Liverpool’s ‘Three Graces’: Opening the landmarks up to the public
Britain’s only dedicated museum of popular music, a wedding venue and plans for a world class visitor attraction – how Liverpudlians interact with their ‘Three Graces’ is changing.
Move Commercial explores the possible benefits of making this trio of celebrated buildings more accessible to the public and what it could mean for their long-term futures.
Words by Lawrence Saunders
Look but don’t touch. For the last century or so Liverpool’s famous ‘Three Graces’ have been off limits to the majority of inquisitive locals.
Whilst tourism chiefs implore visitors to gaze upon the majestic Royal Liver Building, Cunard Building and Port of Liverpool Building, access to anything more than a visual has been restricted.
Can you imagine visiting New York for the first time and not being able to take the elevator to the top of the Empire State Building?
A more communal element may have arrived on the Pier Head a good while earlier if the late Will Alsop’s ill-fated ‘Fourth Grace’ had ever been built.
Unlike the original trio, Alsop’s daring ‘Cloud’ building was designed with public interaction very much at the forefront.
A hotel, restaurant, bar, rooftop space and an attraction focused on the city’s musical heritage were mooted.
If that last idea sounds familiar then it’s probably because Britain’s only standalone museum of popular music has since been located in the passenger lounge of the Cunard Building.
“It can only be a positive thing that we have helped open up this amazing space to the public”.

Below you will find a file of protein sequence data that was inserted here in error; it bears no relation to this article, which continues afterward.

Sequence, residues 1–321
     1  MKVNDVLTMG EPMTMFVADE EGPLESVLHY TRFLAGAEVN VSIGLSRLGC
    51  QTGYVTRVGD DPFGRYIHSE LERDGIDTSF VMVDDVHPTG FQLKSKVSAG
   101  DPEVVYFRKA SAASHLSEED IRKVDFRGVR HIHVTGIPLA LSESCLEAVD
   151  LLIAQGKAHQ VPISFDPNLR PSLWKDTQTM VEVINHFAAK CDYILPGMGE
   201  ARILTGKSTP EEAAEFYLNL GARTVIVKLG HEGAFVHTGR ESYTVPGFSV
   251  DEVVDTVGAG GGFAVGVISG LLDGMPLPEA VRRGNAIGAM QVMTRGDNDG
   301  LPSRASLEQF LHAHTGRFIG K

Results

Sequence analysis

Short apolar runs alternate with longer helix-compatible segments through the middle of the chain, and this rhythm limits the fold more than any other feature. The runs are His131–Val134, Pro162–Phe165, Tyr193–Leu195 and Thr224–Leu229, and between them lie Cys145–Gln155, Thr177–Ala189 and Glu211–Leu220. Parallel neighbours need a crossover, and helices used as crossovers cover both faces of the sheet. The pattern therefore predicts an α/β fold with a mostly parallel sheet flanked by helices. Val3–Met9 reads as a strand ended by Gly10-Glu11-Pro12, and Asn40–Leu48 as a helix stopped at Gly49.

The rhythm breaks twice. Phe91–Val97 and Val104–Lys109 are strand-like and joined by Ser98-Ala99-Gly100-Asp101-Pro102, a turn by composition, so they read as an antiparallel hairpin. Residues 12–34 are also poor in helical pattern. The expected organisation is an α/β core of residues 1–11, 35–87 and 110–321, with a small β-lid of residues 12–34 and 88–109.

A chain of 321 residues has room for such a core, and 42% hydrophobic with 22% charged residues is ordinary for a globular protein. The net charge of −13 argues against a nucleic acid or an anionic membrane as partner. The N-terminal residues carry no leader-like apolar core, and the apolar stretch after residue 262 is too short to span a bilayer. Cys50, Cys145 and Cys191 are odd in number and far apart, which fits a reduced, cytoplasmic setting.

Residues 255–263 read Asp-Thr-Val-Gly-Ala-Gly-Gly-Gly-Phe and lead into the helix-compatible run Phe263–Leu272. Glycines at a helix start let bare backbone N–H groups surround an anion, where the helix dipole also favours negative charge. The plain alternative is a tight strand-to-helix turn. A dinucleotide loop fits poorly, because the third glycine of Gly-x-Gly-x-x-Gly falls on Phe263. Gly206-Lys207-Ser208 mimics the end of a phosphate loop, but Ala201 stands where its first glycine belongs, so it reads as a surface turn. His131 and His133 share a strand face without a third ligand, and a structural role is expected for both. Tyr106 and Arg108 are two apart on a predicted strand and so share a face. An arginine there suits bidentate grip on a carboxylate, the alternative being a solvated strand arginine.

Although a healthy portion of the artefacts are Liverpool-related, the British Music Experience (BME), which opened in March 2017, is much more than The Beatles Story-lite with over 600 rare items on display including the costume worn by the great David Bowie on the night he ‘killed off’ Ziggy Stardust.
It also provides the city with another venue option for business networking, book launches, film shows, and has played its part in high profile city events such as Light Night and the Mersey River Festival.
Occupying the other half of the ground floor at the now Liverpool City Council-owned landmark is Signature Living.
The familiar Liverpool-based property developer and leisure operator has converted the space into what it calls the city’s “most iconic wedding venue”.
The combined presence of the BME and Signature Living means locals and visitors alike are now able to better appreciate this Grade II*-listed gem.
“It can only be a positive thing that we have helped open up this amazing space to the public,” says Kevin McManus, curator of the BME.
“We and our visitors are respectful of the fascinating history and splendour of the building and while we celebrate its legacy, we also ensure that it remains current and accessible to local, national and international visitors.”
“We have a lot of tourists who visit the building and are disappointed when they cannot enter the property”.
For the city’s mayor, securing the long-term security of the Cunard Building was an important factor behind the council acquiring the landmark for around £10 million in 2014.
“One of the reasons we bought the Cunard Building, aside from the fact it was a great investment, was to secure its future for the people of the city and use it as a public building, as well as generating income from renting out space inside,” says Mayor of Liverpool Joe Anderson.